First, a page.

Banquet location for perhaps 75 - 150 people on Friday from about 6:00 to 8:00 PM; again the number is very dependent on the work of the local committees in "inviting" people and on the attractiveness of the evening program that follows. Consider your local situation when determining costs, menu selection, whether it will be a served or buffet dinner, etc. when you make your plans. Pre-payment for the banquet is considered a MUST via the normal meeting pre-registration process. A "social hour" usually precedes the banquet, so also give consideration to its location and type. Great variety has existed here depending on local rules, traditions, and customs of the host institution; the possibilities range from punch and pop with snacks, to wine and cheese, or beer and munchies, or a reasonably priced pay-as-you-drink bar with hors d'oeuvres or perhaps an open bar extravaganza sponsored by a local firm in true industrial style - all have been used. Can you run your own social in the interest of cost and having enough of what you want, or are you constrained by the system? Who brings the bottles, provides set ups, and tends bar?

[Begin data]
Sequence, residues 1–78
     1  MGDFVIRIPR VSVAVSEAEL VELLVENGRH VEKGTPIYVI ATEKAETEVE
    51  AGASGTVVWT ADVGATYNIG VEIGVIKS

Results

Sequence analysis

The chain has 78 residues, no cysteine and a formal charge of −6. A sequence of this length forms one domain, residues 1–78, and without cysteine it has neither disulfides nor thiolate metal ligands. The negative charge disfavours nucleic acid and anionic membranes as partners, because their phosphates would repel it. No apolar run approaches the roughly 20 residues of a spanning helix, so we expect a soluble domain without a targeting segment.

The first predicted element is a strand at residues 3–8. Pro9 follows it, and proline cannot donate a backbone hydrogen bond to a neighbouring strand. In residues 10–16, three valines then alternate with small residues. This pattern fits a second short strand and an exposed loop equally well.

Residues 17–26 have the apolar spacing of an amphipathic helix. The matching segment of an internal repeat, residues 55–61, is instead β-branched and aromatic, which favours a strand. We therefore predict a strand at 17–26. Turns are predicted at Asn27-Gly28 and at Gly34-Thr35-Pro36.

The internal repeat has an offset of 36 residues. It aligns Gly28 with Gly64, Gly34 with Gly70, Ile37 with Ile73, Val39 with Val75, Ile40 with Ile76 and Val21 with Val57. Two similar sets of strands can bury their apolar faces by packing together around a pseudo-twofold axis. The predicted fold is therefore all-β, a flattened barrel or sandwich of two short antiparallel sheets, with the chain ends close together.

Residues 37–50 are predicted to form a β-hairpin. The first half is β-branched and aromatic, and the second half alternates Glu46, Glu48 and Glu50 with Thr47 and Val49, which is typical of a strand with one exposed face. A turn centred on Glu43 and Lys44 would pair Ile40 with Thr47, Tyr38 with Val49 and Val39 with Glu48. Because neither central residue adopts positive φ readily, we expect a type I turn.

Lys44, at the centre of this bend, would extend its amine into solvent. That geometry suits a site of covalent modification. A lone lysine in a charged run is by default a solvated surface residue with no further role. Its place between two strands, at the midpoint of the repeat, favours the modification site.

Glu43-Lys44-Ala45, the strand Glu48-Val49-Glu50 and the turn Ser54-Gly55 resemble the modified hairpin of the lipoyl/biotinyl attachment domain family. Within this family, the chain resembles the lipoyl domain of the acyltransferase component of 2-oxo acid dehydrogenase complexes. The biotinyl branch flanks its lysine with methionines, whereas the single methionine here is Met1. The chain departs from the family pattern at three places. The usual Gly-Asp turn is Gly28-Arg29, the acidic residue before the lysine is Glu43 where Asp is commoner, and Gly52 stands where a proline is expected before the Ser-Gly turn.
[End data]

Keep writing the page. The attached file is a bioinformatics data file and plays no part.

The OS/APS Executive Committee luncheon on Friday at noon needs to be arranged for about 15-20 people. Preferably the location is near the meeting room for this group which usually meets about 10:00 AM on Friday. On occasion their meeting is a luncheon meeting, so the room should be conducive to discussion and interaction both before and after the meal.
You might want to give some consideration to contingency plans in the event of unforeseen circumstances. Perhaps an unexpectedly large crowd will arrive! Once it actually happened that the day of the meeting a construction jackhammer severed the main power line into the scheduled meeting building, leaving the whole place dark until after the Friday sessions were over. You might check also to see who or what else is going on on-campus during your meeting. Once a student sponsored group was about to have a large tent erected for a band and party just adjacent to the building entrance and meeting room of the Friday evening session (after all nothing else usually went on in that building on Friday night that would be affected).